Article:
### Worst Case Complexity

- The element being searched may be at the last position in the array or not at all.
- In the first case, the search succeeds in ‘n’ comparisons.
- In the next case, the search fails after ‘n’ comparisons.
- Thus, in the worst-case scenario, the linear search algorithm performs O(n) operations.

### Average Case Complexity

When the element to be searched is in the middle of the array, the average case of the Linear Search Algorithm is O(n).

Next, you will learn about the Space Complexity of Linear Search Algorithm.

### Space Complexity of Linear Search Algorithm

The linear search algorithm takes up no extra space; its space complexity is O(n) for an array of n elements.

Now that you’ve grasped the complexity of the linear search algorithm, look at some of its applications.

## Application of Linear Search Algorithm

The linear search algorithm has the following applications:

- Linear search can be applied to both single-dimensional and multi-dimensional arrays.
- Linear search is easy to implement and effective when the array contains only a few elements.
- Linear Search is also efficient when the search is performed to fetch a single search in an unordered-List.

Finally, in this tutorial, you will implement the linear search algorithm in code.

**Also Read: Arrays in Data Structure**

## Code Implementation of Linear Search Algorithm

#include<stdio.h> #include<stdlib.h> #include<conio.h> int main() { int array[50],i,target,num; printf("How many elements do you want in the array"); scanf("%d",&num); printf("Enter array elements:"); for(i=0;i<num;++i) scanf("%d",&array[i]); printf("Enter element to search:"); scanf("%d",&target); for(i=0;i<num;++i) if(array[i]==target) break; if(i<num) printf("Target element found at location %d",i); else printf("Target element not found in an array"); return 0; } |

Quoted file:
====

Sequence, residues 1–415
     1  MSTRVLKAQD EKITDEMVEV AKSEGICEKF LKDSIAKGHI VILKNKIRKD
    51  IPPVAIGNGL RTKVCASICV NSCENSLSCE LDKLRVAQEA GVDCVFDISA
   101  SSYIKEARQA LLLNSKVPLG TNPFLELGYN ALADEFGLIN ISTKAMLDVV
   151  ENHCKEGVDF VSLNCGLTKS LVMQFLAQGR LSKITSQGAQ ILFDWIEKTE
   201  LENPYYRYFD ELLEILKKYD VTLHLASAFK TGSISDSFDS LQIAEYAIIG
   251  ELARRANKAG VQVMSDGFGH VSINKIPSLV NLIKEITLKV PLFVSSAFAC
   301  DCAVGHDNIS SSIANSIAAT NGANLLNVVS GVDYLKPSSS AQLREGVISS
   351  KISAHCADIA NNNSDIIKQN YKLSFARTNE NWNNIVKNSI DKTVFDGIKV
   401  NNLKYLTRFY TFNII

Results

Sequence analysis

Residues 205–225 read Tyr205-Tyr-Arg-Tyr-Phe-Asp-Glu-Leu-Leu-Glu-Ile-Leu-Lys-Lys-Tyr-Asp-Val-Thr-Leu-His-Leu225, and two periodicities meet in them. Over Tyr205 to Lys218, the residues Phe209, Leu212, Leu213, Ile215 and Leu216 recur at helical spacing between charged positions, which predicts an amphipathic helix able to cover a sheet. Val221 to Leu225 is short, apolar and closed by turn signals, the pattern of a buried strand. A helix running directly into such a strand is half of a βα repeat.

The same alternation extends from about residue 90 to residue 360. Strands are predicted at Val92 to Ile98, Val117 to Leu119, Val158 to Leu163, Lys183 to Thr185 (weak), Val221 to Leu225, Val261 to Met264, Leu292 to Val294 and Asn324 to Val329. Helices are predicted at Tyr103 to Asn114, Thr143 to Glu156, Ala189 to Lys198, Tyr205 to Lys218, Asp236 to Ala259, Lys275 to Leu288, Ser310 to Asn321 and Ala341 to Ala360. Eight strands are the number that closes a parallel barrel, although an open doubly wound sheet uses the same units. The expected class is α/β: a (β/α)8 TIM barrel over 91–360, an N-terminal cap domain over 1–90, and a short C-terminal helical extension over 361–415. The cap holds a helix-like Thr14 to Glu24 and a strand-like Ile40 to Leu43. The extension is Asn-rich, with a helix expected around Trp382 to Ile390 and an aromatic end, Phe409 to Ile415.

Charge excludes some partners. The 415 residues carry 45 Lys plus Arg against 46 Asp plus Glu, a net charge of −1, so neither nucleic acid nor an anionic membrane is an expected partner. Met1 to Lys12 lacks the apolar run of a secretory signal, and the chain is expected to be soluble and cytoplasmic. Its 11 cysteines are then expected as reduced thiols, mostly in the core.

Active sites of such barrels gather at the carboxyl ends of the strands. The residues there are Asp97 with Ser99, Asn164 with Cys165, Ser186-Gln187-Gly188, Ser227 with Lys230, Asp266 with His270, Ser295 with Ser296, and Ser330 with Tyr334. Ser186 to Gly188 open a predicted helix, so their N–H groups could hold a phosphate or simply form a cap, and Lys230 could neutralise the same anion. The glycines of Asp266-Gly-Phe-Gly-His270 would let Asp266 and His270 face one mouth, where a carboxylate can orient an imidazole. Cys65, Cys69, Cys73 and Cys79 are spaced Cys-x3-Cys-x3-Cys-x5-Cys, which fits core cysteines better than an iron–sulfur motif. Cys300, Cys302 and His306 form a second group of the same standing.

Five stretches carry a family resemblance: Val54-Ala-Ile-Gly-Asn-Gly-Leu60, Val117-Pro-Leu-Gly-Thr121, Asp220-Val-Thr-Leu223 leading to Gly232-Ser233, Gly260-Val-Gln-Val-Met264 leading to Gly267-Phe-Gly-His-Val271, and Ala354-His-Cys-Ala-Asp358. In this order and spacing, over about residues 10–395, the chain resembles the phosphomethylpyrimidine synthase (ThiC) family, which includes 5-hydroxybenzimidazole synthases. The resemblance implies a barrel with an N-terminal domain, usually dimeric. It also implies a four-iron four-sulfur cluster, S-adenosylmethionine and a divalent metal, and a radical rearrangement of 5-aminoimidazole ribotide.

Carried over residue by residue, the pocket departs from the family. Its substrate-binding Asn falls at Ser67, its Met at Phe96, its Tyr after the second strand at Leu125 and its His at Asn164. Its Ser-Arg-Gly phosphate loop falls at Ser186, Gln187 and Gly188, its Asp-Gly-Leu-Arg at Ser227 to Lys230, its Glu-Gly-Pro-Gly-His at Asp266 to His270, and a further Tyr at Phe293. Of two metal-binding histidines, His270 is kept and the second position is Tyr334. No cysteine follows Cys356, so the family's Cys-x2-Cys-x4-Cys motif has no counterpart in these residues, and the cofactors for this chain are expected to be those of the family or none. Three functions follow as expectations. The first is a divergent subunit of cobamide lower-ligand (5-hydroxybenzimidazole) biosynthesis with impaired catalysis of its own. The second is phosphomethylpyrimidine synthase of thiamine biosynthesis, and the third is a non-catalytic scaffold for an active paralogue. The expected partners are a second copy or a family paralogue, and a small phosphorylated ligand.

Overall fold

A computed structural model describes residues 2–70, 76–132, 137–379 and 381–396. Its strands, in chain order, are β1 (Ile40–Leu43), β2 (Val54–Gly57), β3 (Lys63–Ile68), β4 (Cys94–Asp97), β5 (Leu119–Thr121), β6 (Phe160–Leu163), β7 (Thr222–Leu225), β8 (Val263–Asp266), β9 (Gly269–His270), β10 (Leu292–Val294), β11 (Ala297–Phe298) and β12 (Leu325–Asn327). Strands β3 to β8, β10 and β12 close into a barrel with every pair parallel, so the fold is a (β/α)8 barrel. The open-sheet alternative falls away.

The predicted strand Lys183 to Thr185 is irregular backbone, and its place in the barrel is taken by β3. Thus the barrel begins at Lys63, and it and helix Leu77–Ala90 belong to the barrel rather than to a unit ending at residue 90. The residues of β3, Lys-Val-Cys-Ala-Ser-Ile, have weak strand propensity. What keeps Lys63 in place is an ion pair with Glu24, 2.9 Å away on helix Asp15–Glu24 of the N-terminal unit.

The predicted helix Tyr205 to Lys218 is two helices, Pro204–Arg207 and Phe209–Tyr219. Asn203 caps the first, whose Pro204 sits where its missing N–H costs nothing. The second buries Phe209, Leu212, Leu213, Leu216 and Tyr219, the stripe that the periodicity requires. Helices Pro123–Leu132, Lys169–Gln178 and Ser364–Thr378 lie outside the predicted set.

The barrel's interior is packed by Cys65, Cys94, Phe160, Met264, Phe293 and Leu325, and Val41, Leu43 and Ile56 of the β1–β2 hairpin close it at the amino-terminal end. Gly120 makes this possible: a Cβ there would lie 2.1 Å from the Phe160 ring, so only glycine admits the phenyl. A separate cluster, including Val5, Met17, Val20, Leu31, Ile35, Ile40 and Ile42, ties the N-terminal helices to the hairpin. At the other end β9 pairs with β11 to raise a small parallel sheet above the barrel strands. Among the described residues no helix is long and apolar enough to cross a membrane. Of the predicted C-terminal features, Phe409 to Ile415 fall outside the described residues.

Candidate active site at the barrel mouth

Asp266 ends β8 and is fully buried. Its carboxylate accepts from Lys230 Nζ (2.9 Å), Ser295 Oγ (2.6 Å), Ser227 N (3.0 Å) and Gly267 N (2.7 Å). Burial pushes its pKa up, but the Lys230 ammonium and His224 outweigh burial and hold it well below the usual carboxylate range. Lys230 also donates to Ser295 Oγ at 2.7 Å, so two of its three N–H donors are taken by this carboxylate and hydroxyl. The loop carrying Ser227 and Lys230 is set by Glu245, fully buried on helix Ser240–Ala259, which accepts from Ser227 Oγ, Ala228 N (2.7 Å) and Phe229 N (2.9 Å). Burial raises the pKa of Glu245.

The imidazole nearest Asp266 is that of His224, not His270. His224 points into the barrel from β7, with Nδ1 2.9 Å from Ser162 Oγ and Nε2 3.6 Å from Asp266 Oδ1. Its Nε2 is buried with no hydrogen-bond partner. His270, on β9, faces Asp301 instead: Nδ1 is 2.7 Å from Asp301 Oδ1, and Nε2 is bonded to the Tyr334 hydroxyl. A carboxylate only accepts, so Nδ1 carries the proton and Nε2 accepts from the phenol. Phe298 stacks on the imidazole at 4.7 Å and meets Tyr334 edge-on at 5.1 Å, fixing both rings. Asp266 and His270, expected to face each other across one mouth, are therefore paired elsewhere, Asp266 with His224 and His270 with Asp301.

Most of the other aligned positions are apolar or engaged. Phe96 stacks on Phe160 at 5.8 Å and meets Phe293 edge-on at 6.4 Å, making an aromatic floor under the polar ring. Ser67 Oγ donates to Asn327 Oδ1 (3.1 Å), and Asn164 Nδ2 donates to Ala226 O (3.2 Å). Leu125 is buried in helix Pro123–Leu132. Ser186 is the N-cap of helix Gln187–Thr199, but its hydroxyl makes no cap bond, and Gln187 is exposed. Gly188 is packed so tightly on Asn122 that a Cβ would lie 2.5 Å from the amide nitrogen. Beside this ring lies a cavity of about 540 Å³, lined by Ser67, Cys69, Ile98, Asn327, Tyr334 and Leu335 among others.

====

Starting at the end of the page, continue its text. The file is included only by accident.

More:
The output of linear search algorithm code:

### Next Steps

Your next topic will be the binary search method, and you will go over the binary search algorithm in detail.

Simplilearn's mobile and software development course will be ideal for you if you want a more comprehensive study that goes beyond Data Structure and covers the most in-demand programming languages and abilities today. Now is the time to get out there and explore.

Do you have any questions about this Linear Search Algorithm tutorial? Please leave them in the comments section at the bottom of this page if you have any. Our experts will respond as quickly as possible!